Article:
Like many schools we have a fair number of standardized tests that help us determine student progress, growth, and learning.
Today I became alarmed as I watched students taking a test with a large number of question types that we haven't studied yet this year. As I watched the students take the test I remembered that last year I provided a week of general math review prior to the test anticipating the test questions. This year I didn't remember to do that so several strong students were stumped by a fair number of measurement and geometry questions that included content we haven't reviewed yet this year.
I like my students to do well on standardized tests for many reasons. First of all everyone likes to do well on tests. Next, if my students do well on these tests then I have greater freedom and support to teach in ways that I believe and have researched to be deep, creative, and responsive. If the scores are not good, then there tends to be a lot support, direction, feedback, and review of your work as a teacher. After all teachers are often judged by their scores.
One reason that teachers are judged by their scores is that it's an easy data point to look at, analyze, and compare. It takes a lot more time to sit down and talk to a teacher about his/her program, research, efforts, students, and direction. It's much easier to look at a list of scores and make decisions about educators. Yet, all scores and data are not created equally, and we have to be mindful of where the scores come from and how they are gained. Scores represent far more than one teacher's efforts over a few months of a year--scores are affected by many, many factors, some positive and some perhaps not so positive.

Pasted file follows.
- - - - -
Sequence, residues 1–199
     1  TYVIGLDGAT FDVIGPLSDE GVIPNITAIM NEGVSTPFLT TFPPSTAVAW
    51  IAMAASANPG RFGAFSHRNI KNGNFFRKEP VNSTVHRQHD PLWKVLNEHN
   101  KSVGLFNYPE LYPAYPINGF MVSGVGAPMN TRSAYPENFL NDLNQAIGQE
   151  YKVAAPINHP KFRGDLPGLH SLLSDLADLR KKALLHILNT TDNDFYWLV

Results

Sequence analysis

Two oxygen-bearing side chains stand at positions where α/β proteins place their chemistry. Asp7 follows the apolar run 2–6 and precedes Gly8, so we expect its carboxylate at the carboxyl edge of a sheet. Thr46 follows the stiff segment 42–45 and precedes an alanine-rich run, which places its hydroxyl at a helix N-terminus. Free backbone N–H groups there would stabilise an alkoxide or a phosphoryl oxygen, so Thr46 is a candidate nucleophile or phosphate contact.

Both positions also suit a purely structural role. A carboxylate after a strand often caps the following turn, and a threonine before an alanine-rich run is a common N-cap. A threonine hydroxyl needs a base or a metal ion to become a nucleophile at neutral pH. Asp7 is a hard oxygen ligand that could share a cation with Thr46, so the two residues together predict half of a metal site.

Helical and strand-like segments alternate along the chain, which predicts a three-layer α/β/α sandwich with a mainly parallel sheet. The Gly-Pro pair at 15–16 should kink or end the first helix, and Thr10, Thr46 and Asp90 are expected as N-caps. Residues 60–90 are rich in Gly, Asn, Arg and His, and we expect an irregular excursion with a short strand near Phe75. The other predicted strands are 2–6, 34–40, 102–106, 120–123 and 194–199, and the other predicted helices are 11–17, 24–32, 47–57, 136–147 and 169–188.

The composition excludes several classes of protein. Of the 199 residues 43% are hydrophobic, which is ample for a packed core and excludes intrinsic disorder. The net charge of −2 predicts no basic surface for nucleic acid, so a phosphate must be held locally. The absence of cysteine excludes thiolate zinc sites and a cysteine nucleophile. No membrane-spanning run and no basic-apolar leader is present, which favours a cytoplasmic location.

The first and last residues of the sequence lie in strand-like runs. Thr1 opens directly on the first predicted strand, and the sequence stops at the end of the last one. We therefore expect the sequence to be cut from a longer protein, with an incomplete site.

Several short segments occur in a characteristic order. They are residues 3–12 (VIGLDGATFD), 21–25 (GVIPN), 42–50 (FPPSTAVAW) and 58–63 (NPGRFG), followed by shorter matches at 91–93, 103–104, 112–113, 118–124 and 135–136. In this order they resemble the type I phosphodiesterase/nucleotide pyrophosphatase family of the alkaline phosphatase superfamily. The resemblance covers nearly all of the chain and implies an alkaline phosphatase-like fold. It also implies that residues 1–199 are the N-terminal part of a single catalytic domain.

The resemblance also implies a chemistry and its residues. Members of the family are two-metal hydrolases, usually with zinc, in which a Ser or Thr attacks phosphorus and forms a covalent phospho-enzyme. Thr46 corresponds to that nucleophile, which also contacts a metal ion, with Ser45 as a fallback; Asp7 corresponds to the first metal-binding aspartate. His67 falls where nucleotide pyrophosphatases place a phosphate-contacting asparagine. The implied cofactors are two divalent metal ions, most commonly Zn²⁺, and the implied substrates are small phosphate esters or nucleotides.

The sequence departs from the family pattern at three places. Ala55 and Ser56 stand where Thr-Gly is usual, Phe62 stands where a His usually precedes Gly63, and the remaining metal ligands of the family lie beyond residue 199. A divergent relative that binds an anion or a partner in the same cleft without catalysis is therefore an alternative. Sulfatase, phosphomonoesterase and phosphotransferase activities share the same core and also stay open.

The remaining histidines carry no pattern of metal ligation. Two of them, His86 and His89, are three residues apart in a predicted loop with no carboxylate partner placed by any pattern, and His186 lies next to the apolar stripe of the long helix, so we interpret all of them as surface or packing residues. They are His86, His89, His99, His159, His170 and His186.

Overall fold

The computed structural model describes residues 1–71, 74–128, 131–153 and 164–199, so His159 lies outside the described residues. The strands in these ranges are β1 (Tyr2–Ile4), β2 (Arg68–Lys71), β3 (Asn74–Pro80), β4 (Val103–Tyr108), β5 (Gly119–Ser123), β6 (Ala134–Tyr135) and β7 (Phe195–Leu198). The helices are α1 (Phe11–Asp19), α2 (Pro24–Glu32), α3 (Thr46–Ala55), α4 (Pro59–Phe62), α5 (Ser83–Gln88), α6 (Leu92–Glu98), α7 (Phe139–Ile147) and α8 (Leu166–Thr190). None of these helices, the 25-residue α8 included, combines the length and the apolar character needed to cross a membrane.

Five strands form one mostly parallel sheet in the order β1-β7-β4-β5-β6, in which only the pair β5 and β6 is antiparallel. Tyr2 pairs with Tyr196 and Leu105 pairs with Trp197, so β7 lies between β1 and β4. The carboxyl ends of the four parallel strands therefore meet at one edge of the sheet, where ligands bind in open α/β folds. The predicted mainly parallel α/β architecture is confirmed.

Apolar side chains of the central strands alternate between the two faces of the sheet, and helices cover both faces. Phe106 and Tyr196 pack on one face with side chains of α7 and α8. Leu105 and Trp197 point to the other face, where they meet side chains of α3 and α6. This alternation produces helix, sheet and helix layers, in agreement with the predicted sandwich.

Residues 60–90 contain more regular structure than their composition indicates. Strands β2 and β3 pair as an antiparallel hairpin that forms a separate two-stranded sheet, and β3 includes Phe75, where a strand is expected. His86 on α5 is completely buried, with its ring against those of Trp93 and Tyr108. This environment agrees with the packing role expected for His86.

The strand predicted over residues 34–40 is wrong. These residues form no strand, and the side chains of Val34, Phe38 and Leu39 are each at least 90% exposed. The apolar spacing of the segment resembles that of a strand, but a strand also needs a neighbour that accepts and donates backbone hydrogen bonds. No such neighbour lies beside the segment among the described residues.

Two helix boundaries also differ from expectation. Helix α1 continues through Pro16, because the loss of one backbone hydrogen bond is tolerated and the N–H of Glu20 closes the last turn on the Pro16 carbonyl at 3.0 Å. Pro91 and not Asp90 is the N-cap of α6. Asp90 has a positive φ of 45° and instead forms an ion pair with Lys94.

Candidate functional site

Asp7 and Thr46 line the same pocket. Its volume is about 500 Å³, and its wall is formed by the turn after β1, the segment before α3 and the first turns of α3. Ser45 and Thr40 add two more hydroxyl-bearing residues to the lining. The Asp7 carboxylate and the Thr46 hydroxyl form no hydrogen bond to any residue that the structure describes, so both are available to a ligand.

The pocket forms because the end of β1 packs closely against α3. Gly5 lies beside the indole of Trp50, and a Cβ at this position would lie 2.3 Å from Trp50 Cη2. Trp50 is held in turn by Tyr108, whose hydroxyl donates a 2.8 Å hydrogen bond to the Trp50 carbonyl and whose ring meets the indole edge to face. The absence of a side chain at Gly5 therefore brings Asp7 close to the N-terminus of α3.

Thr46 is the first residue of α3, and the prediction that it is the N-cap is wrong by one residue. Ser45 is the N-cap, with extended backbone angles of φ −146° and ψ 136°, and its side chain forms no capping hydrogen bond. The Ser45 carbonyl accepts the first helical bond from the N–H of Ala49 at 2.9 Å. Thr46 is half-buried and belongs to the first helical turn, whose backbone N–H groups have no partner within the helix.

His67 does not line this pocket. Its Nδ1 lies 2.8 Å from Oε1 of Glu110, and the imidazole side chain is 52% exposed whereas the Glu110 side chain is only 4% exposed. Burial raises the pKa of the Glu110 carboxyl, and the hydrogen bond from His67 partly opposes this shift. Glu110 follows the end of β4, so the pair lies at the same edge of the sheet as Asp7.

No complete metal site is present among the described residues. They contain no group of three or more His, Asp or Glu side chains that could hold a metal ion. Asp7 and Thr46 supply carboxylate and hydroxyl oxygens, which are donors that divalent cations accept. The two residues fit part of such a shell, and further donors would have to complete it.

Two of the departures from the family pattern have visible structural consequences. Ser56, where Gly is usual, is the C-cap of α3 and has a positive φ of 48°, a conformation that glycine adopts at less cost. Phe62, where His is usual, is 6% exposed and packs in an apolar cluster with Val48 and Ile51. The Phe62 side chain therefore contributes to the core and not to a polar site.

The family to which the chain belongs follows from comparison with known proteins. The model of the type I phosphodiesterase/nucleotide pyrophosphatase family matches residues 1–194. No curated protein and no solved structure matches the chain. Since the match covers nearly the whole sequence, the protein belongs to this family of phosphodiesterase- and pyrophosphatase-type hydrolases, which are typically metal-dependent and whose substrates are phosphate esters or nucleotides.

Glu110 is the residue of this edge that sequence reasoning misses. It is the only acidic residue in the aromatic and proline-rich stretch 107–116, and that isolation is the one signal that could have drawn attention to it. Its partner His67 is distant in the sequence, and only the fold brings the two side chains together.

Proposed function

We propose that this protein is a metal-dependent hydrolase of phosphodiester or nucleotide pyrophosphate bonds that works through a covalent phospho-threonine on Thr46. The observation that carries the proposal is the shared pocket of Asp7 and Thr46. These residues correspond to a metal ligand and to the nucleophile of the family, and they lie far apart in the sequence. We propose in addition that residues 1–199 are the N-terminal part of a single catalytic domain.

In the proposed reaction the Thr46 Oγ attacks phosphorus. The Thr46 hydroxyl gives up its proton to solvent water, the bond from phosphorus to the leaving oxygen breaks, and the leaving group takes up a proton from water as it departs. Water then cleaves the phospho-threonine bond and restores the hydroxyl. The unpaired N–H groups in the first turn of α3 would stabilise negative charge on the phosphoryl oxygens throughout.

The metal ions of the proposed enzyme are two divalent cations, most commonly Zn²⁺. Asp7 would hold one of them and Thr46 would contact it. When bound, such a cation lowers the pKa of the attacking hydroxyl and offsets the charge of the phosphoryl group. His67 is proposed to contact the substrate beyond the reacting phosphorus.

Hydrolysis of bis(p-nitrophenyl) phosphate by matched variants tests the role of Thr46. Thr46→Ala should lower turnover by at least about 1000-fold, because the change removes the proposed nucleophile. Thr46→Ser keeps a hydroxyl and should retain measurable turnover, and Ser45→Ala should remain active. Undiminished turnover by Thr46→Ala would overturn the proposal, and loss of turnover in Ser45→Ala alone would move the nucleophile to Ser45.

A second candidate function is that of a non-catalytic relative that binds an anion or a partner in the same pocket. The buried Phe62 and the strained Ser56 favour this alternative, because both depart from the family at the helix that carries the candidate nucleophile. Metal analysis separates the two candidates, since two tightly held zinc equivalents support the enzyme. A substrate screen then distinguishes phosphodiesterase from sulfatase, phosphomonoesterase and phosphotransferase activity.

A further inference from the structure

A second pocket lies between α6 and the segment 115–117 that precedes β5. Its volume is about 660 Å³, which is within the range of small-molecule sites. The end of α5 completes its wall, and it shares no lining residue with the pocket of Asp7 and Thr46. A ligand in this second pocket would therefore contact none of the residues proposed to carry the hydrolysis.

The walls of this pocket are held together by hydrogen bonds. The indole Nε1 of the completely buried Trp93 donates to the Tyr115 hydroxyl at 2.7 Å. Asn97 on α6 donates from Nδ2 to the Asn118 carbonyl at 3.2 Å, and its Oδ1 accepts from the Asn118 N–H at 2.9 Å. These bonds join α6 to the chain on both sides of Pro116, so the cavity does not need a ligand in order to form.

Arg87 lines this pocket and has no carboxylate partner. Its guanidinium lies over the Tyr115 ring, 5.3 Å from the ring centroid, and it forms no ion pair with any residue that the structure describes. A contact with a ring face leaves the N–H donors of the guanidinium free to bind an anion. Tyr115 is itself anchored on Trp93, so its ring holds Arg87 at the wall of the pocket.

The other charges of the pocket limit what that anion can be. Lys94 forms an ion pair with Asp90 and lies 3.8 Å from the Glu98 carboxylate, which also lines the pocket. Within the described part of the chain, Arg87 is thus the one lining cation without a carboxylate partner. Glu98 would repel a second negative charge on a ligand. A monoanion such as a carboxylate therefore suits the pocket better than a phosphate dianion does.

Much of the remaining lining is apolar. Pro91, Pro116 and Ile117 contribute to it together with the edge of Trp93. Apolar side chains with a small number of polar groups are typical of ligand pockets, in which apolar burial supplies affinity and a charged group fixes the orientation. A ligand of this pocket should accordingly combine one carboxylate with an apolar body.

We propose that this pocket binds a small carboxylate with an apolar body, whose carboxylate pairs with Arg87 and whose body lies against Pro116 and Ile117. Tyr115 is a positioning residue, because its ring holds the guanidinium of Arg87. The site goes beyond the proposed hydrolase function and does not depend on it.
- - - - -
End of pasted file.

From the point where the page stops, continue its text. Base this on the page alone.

Last year I noticed that another standardized test included a list of concepts and vocabulary not covered in our curriculum so I reviewed those concepts and vocabulary with students prior to the test, and the scores, overall, were good. People were pleased. I'll do the same this year since today's assessment reminded me of that.
In a sense, scores are a lot like an obstacle course, and perhaps sadly, scores can be gamed too by the way a class is taught, the environment in which a test is given, the time of year a test is created, the increase in difficulty presented, the choice of topics, and so much more. I'm not a test expert so I can't begin to understand all of this at this time.
As a data/assessment obstacle course you have a list of tests throughout the year and you prep and prepare the students for those tests in a large number of ways mindful of the impact of the preparation. Is this teaching to the test? Yes and hopefully no too. I know I have to get the best possible scores for a large number of reasons, but I know that for students to truly do well on any of these tests they need to have a strong foundation of math knowledge, interest, and confidence so that's what I'm really aiming for.
Next year I'll be sure to add this assessment prep to the overall yearly plan, but for now I'll have to see it as the learning experience it is. In general, I'm a fan of data, especially data that helps me to respond to each child's needs with greater focus, depth, creativity, and care. I just wish it was used in ways that uplift the learner and teacher more. I'll be thinking about that.